I long for You so much
I have even begun to travel
Where I have never been before.
Last week on Tuesday I piled my things into the car, the essentials like my journal, my yoga mat, my camera, and of course my sweet Petunia. We headed north on I-5 to the Canadian border. Two elements of getting to a retreat that feel important to me are a border crossing and a ferry ride and this time I had the gift of both. When I arrived at the guard booth though, to my disappointment the guard waved me through with half a smile. I wanted to be asked the purpose for my journey. I wanted the guardian of the threshold to invite me to speak about where I was going. I wanted to say, I am longing for God so much, I find myself here at the boundary wanting to enter into new territory.
The next step was boarding the ferry. Last year while I had the gift of my time at the hermitage each week I would travel across the Sound and hold the words from Jane Siberry’s song: “Will you sail ‘cross the water and tell us what you found.” Something about that act of leaving the land mass of home and journeying across the depths of the sea speaks to me of my own interior journey and my desire for discovery.
It was dusk when we departed, that liminal time between day and night, when the world basks in the beauty of endings.
God was wildly waving saffron ribbons across the sky in jubilation for me. I could hear the sacred voice singing “yes! Come closer to me, come to be near me.” Seagulls glide past the boat and I want to spread my wings as wide as theirs and surrender into the current that carries me.
As we near our destination a group of young women gather by their car and sing chants. Simple phrases again and again, creating a spiral of song encircling each one who would listen. “My body is the body of the goddess” I hear them speak with exuberance. For a moment I am connected to my fellow travelers, standing there above the great sea, feeling the connection between my own body and the earth far below. I look up and see that the full moon has risen, veiled and shy, tentative in her self-revelation. I understand her desire to not be fully exposed, but to rest comfortably in the mist.
As night rises over and around us like a swelling river I arrive at my destination, the place that will hold me these next few days like a tabernacle. The moon becomes bolder, shrugging off her shawl to reveal her full-bodied self illuminating the darkness. She has become a presence, a companion to me for this sacred time. I feel her fullness in my belly, round and whole, like the moment after having fully inhaled. The moon and I will begin on this retreat to exhale again.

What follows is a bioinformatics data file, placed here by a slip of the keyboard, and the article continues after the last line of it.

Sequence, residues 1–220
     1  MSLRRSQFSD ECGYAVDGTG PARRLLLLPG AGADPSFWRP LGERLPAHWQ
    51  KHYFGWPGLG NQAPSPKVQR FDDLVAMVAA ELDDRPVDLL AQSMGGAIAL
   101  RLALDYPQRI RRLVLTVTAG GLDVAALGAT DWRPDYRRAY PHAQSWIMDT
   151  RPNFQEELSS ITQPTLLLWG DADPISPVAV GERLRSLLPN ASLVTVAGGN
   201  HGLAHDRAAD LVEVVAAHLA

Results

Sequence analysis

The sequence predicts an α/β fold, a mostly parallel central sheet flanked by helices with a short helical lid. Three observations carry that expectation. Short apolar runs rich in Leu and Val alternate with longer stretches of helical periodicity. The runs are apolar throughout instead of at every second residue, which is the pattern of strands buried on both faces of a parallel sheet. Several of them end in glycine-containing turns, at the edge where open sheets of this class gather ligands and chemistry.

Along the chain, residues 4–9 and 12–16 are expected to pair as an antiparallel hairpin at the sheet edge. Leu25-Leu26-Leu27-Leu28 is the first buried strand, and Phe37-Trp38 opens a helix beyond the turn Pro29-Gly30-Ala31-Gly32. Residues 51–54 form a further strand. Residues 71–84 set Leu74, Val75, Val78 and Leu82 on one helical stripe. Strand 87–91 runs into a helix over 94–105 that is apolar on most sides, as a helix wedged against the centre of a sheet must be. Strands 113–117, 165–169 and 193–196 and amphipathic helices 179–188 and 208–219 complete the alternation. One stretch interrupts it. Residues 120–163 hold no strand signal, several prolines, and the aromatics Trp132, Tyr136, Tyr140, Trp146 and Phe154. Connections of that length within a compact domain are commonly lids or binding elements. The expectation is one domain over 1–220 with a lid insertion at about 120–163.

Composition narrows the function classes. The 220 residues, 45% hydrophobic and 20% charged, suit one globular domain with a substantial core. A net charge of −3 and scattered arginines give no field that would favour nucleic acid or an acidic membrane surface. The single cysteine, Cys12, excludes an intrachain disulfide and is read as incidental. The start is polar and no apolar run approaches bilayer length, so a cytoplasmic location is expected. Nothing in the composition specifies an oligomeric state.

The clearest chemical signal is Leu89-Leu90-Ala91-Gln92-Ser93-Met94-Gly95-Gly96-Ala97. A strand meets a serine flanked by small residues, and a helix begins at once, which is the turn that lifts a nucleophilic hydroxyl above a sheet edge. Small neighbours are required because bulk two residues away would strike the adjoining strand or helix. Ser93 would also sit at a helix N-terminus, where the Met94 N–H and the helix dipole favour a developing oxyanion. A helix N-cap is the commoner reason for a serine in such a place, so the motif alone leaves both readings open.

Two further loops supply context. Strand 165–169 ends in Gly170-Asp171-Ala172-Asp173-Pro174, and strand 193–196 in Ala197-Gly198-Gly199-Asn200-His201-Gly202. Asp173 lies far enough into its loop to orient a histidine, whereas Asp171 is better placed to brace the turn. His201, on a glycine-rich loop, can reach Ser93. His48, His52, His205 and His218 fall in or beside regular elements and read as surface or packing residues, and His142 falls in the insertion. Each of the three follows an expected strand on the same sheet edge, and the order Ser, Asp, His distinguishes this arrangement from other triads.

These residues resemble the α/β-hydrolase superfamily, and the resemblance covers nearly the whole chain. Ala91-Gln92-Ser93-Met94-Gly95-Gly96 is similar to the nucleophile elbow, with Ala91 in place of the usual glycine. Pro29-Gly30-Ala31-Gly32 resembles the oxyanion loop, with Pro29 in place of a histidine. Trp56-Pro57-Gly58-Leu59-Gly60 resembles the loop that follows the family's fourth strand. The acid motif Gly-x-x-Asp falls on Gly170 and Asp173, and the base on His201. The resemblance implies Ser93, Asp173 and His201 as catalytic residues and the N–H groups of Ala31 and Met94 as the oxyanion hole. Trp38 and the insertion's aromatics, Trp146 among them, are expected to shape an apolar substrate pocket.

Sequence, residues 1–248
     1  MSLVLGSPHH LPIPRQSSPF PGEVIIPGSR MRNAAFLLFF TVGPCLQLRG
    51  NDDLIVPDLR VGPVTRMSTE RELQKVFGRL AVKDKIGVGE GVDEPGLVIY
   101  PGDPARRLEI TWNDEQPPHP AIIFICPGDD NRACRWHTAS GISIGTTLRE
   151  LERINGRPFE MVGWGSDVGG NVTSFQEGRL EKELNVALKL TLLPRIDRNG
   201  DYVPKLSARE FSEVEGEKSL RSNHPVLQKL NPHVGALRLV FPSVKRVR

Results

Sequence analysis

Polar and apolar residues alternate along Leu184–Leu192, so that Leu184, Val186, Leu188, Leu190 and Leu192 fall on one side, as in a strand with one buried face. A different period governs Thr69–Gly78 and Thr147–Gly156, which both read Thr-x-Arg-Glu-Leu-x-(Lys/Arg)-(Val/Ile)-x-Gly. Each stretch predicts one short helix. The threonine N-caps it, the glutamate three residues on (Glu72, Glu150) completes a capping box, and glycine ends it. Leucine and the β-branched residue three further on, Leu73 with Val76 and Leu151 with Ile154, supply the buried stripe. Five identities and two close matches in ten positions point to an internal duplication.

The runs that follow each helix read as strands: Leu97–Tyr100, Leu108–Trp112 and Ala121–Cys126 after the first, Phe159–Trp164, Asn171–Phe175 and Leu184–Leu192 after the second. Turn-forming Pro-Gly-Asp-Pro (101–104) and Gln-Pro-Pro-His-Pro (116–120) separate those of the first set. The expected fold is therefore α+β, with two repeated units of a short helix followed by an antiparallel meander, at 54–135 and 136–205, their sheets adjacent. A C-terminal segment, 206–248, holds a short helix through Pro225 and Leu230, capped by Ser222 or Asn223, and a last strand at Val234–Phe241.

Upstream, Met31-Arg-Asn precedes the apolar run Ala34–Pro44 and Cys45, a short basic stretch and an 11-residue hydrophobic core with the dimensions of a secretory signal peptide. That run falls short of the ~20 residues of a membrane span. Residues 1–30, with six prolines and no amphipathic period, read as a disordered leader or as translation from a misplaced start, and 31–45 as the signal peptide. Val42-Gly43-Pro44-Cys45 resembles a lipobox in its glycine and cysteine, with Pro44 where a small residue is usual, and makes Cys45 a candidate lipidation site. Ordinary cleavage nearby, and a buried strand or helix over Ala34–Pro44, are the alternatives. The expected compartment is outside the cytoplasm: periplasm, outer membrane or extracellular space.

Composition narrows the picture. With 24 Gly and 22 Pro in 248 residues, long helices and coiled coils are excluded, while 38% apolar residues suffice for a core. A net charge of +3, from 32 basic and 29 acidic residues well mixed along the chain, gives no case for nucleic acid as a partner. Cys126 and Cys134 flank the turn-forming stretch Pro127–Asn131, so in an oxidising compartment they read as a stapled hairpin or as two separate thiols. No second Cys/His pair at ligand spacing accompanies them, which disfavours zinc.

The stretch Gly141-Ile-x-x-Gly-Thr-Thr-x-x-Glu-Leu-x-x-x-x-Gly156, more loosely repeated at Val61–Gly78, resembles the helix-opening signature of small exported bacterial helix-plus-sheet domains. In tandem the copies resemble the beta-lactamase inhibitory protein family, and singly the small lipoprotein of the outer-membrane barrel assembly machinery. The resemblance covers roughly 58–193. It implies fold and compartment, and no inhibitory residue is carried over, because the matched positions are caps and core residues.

The next day I head to one of my favorite places where forest edge meets the sea, where wild meets wild and I can dwell between them walking for hours over soft damp earth, stepping over tree roots reaching up out of the ground inviting me to contemplate my own rootedness.
I pause regularly along the way to be present to the sea pressed against the edges of the trail. I dip my fingers in the cold saltwater and wash my face. I want to immerse myself and be baptized again. I want to swim long and hard until I can feel my heart pounding in my ears reminding me that I am alive. I want to float like a fallen leaf, surprised at its own good fortune that instead of landing on hard ground, it was received like a holy offering, and can dwell suspended there for a while. Death does not have to come just yet.
I drive back to my little cottage and stop at farm stands selling their goods, nourishment from this earth, beauty offered from this place.
Upon my return, my spiritual director reminds me that rest is an essential element to a meaningful retreat. Time to restore my body, time to listen to the wisdom of my dreams.
I sleep long and hard, I am surprised at how tired I am. The next morning I discover the world wrapped in a silver covering, a cloth draped around me like vestments I am to wear to move into the liturgy of the day.
Later the rain begins to fall casting reflections onto the ground. I long for a sacred mirror to see myself in God’s eyes, to know of my goodness, to see my own beauty, to discover God within me, closer than I am to myself.
The world becomes a vessel of tears, an act of solidarity with my sorrow. A gesture of hospitality, welcoming me into its extended arms. I am filled with a sense that the earth knows my grief. More than that, my tears originate from the soil and sky, flowing through me in a lament for the suffering of all of creation.
I return later that day to the trail at the wild edges. I feel the presence of my mother so clearly there, as if I were breathing her in and myself out. I am surprised by my desire to feel my father with me too. With him, as in life, it is much more of a struggle. I try to make a welcoming space within myself and I wonder if it can ever be wide enough. I continue to walk and I ask whether they are both there with me there, my mother and my father, reaching out from that dark curtain. From the stillness, I look down on the trail and discover two small feathers as if the sky tumbled its reply to the ground before me. I place them in my palm to examine my treasures, to feel the hard spine and soft extensions pressed into my skin. I look more closely and see a third tiny feather attached to them.
After I return back to Seattle, I feel I am not done, I must be out on the earth again. I have another communication from the sky, offering me solace and the wisdom of both mother and father. My longing for God, as Hafiz says, has brought me to new landscapes, new revelations.
The feathers go on my altar. My heart continues to beat loudly in my ears or are those the wings of the holy?
-Christine Valters Paintner @ Abbey of the Arts